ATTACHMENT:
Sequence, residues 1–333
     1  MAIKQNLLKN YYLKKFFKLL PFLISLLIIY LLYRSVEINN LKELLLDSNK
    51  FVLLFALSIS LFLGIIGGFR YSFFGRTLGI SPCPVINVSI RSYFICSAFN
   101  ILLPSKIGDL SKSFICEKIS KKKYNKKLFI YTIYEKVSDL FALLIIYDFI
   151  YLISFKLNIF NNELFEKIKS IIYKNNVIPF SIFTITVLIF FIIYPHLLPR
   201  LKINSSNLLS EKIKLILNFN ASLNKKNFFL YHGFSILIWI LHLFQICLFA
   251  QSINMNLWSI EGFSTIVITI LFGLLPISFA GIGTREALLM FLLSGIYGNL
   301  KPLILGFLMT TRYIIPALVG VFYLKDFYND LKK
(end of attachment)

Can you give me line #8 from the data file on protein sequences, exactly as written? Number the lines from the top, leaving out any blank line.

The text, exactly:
   301  KPLILGFLMT TRYIIPALVG VFYLKDFYND LKK